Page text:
How to Avoid Wedding Day Disappointment

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As one of five girls in my family, I’ve planned my fair share of weddings—especially the Pinterest-inspired DIY weddings. I’ve coordinated everything from a book-themed barn wedding on a mountaintop to a downtown loft wedding with industrial décor mixed with heirloom family furniture, where guests could only get to the ceremony by taking a freight elevator.

Sufficed to say, I’ve seen a lot of different personalities tackle the task of planning their nuptials and I believe this one step will save every bride, no matter her budget or style, a lot of disappointment on the actual wedding day.

Most wedding day disappointments come from unmet expectations. The best way to deal with that disappointment is before it ever happens!

how to avoid wedding day disappointment - Splendry

ADDRESS THE PRECONCEIVED IDEAS

Every single bride—and groom (and the extended family members for that matter) comes to the table with preconceived ideas of what a wedding is and what a good one looks like.

You might say that you want a small wedding. To your future mother-in-law that might mean cutting the list to 250. Your future husband may say he wants a location wedding. You’re thinking he means that you’ll finally be taking that trip to Scotland you’ve always talked about and he’s really thinking about location of your first date—the baseball field for the local minor league team.

The first step in making the wedding day a true reflection of who you are as a couple is to understand that as you begin this process there will be a language difference and pre-conceived ideas you’ll have to navigate through, so don’t let that bother you when you run into it.

Don’t automatically give in to someone else’s suggestion because you think that’s what they want. It may be a simple miscommunication. And don’t shut down an idea when you first hear it because it could also be a misunderstanding of what they mean. Hear them out because it may be just the solution you’re looking for!

WRITE DOWN WHAT THE DAY LOOKS LIKE

Get a pen and paper or sit down at your computer, grab a coffee, get comfortable, and mentally walk through your wedding day.

What does it look like? I don’t mean what type or style of wedding I mean walk through every practical moment of the day.

Remember, you’re not writing a plan, you’re just writing down thoughts. Don’t feel any pressure.

how to avoid wedding day disappointment - Splendry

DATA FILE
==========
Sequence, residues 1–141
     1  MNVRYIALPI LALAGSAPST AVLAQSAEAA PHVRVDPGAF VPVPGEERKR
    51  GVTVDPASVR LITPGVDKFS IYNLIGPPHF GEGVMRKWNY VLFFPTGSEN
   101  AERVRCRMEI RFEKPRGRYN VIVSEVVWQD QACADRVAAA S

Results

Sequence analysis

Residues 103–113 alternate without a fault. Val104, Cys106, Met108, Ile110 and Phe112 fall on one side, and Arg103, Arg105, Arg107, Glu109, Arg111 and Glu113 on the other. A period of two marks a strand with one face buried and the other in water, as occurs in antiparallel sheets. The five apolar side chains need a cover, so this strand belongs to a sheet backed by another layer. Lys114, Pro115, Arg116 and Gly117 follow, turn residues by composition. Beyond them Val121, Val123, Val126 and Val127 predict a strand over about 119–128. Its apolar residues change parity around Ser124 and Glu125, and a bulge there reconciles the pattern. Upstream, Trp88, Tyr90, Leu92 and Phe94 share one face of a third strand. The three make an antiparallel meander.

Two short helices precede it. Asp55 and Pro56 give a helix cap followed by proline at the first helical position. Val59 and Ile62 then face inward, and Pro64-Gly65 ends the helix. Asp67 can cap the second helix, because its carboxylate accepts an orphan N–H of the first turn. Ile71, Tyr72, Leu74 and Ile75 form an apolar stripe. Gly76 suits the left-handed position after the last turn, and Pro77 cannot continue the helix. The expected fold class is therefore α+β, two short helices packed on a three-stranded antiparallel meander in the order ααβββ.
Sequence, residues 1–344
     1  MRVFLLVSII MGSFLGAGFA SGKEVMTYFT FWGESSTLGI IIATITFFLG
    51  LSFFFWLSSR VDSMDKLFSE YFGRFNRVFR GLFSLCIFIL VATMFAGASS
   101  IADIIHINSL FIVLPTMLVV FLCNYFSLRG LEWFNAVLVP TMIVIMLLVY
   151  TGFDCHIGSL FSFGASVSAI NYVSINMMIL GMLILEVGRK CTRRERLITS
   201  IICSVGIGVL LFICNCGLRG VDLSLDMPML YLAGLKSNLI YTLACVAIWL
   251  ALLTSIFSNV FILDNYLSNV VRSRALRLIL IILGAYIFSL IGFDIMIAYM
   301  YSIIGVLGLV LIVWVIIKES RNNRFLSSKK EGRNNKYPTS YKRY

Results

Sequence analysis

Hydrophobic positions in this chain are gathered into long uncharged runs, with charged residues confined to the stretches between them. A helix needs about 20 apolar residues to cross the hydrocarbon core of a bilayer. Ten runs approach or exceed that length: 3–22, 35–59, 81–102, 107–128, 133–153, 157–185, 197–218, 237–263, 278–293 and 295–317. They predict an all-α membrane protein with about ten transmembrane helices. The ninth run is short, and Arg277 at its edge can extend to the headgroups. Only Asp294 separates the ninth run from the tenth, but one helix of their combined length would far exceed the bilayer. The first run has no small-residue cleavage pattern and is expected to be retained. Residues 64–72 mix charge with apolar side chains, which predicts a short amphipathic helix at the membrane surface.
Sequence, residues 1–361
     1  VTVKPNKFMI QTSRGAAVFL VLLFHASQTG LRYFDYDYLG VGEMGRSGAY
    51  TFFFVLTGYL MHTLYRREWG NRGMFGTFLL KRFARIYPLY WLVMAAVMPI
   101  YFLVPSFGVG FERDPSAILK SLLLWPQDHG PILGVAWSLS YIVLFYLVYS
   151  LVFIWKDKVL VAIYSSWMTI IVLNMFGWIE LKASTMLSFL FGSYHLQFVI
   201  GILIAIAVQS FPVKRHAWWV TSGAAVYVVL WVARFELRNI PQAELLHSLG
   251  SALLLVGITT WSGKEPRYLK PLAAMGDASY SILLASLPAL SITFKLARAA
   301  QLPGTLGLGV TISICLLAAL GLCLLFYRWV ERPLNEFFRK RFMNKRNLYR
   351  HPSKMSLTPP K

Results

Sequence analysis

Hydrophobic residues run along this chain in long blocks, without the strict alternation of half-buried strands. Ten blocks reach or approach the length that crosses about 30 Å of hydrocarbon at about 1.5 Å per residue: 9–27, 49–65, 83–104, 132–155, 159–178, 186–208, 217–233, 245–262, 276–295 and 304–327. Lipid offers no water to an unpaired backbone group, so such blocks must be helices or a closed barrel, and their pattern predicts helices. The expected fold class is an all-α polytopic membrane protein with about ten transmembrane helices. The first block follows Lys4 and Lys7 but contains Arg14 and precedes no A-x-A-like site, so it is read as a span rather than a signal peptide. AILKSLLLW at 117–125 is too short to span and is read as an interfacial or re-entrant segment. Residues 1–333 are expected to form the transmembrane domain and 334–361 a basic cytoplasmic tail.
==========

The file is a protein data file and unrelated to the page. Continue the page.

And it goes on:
THINGS TO CONSIDER

Walk through your day from the moment you get up to the moment you begin your honeymoon (or the end of your honeymoon, if you like).

Here are some highlights and questions to get you started.

1. Where are you waking up? Who is or isn’t with you?

Are you at your parent’s house with the home full of siblings and extended relatives? Are you at a nice hotel with your bridal party? Are you alone enjoying a quiet morning?

2. What time are you waking up? Do you see yourself enjoying a leisurely morning or would you prefer to be up early?

My younger sister Tessa wanted a lazy morning on her wedding day, but she also wanted Pinterest-worthy wedding décor scattered around the property of the alpaca farm she got married at. We had to set up yard games, vintage books, and a hand-strung photo display, not to mention that we needed time enough for the florists to bring their supplies up the mountain before pre-wedding photos. So, Tessa had to opt for a slightly more intense morning with an hour to relax in between that and the ceremony.

3. Do you have any errands to run before the wedding? Is your bridal party running errands? 

My oldest sister Sarah was the guinea pig and all the sisters and our parents spent the day running last minute errands. At one point we had an entire salon folding wedding programs while we got our hair done. Because of that, my sister spent the entire day alone before the evening ceremony and she regretted that no one was there with her.

4. What time of day do you see yourself getting married?

Do you see yourself leaving your wedding to a line of sparklers?  If so, that means you’re thinking of a nighttime departure. Here’s why this is important. If you’re headed to sunny Hawaii on your honeymoon and no flights leave after 9 p.m., that means you’ll need a hotel room, or you’ll need to stay at your house for the night. If that’s a no-go for you, then you have to decide if the sparkler exit and evening reception is more important than leaving town right after the wedding.

5. Are you inside or outside? What time of year is it?

Some of these questions will be determined by the time of year that you get engaged. Do you see yourself in a garden? Are you in a formal cathedral? If a church is the only place you could see yourself married, then you automatically start narrowing down your choices—and avoid wasting time on ceremony options that you wouldn’t choose anyway.

6. Where do you see yourself getting ready? How do you see yourself getting to the ceremony?

At first glance, you may think this doesn’t matter, but note what’s in your head because later, you may unknowingly find yourself at odds with your own expectations and not know why. My other sister, Jessica, had wanted to arrive at her ceremony dressed, but we had to be on site for prep work for her loft wedding and it was unrealistic to go back home to dress, so we ended up prepping in the main bathroom area, which also meant we had to be dressed early because guests would need to use that bathroom. These are the odd logistical issues that can turn annoying, but it doesn’t have to end that way. Use prompts like this to determine where your give room is and what you don’t want to compromise on.